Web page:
Today, the House Judiciary Committee will hold a hearing on securing America's elections. The committee will hear testimony from Matthew Masterson, a senior cybersecurity adviser at the Department of Homeland Security; Nikki Floris, the deputy
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The Senate Intelligence Committee released a redacted report on Russian active measures campaigns in the 2016 election. This document, reportedly the second of five volumes, is titled, “Volume 2: Russia's Use of Social Media with Additional Views.” The complete document is available here and below.
The good news is that national security bipartisanship in Congress lives. The bad news is that the only place it lives is in the pages of the Senate Intelligence Committee report on Russian election interference.
The Senate Intelligence Committee released a redacted report on Russian active measures campaigns in the 2016 election. This document, reportedly the first of five volumes, is titled, “Volume 1: Russian Efforts Against Election Infrastructure with Additional Views.” The complete document is available here and below.
The years since the 2016 election have been a national trauma that the U.S. shouldn’t be eager to revisit. Yet almost no policy changes have been made as a result of what the country has learned from the Mueller investigation and related events. In this post, I’d like to start assembling a menu of possible reforms that address the lessons learned from what Lawfare sometimes calls L’Affaire Russe.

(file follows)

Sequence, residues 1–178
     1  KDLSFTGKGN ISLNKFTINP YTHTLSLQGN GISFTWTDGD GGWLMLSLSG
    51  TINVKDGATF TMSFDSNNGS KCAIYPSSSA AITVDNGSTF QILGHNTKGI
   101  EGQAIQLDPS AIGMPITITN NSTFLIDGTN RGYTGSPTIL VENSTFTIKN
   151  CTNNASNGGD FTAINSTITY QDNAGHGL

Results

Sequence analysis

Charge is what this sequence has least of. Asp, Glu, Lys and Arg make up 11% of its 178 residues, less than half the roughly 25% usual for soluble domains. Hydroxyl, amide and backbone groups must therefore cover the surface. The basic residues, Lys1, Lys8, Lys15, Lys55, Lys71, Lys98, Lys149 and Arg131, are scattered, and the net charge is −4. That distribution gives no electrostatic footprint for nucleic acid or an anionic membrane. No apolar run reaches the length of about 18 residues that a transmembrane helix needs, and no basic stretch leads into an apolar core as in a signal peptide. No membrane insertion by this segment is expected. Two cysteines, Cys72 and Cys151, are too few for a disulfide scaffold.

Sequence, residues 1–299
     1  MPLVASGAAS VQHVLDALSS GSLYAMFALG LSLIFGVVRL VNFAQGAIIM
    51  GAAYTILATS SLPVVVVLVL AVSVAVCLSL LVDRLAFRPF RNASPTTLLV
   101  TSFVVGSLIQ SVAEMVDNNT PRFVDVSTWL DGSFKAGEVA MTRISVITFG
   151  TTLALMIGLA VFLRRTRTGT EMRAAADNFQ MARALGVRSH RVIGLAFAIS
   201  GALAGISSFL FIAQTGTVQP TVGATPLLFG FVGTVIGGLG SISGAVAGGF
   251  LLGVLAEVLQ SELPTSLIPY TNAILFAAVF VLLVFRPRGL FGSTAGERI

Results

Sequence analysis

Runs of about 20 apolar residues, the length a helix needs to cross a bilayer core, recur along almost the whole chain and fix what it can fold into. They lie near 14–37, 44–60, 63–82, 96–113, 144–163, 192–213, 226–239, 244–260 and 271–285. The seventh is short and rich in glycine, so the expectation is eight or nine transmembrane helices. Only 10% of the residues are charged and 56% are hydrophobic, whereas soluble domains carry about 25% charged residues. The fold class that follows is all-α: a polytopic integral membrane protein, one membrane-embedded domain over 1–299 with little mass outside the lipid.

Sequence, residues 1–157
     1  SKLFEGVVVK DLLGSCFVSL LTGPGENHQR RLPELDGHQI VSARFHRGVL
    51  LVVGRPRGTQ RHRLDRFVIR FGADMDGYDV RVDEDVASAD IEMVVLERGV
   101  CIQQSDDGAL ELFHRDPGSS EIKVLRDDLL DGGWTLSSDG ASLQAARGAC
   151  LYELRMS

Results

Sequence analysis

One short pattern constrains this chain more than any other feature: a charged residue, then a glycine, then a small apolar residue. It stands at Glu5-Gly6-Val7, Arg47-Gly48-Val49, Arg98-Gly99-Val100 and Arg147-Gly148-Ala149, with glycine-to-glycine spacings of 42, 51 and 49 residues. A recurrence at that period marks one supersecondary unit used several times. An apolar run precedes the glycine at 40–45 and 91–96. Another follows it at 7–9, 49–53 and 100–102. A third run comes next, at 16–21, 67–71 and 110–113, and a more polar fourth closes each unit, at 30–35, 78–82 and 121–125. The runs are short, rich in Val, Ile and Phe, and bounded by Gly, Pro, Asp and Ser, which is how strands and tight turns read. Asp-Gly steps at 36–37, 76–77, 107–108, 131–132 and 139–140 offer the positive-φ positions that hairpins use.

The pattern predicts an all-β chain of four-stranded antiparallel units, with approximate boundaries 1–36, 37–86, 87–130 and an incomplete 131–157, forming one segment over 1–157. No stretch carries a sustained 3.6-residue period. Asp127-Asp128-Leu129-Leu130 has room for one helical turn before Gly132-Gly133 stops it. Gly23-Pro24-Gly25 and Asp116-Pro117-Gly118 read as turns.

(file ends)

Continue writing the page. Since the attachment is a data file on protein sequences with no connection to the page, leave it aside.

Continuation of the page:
In the wake of Russia’s interference in U.S. elections, questions persist as to whether Russia changed vote totals and changed the outcome of the election.
In the swirl of news this week, it would be easy to miss recent announcements from two of America's largest and most influential technology companies that have implications for our democracy as a whole. First, on Tuesday morning, Microsoft revealed that it had detected continued attempts at spear-phishing by APT 28/Fancy Bear, the hacking group tied to Russia’s Main Intelligence Directorate (known as the GRU).
The 2018 “techlash” shows no sign of slowing. The last week of July saw the release of two papers containing proposals for significant increases regulation of tech companies, particularly with an eye toward protecting the integrity of political processes and elections.
A recent Ipsos/Reuters poll found that 56 percent of Americans strongly agree or somewhat agree that Russia interfered in the 2016 election on behalf of Donald Trump. Within that group, only 32 percent of Republicans but 81 percent of Democrats shared that sentiment. It is hardly a surprise, but a partisan divide on this point is quite apparent.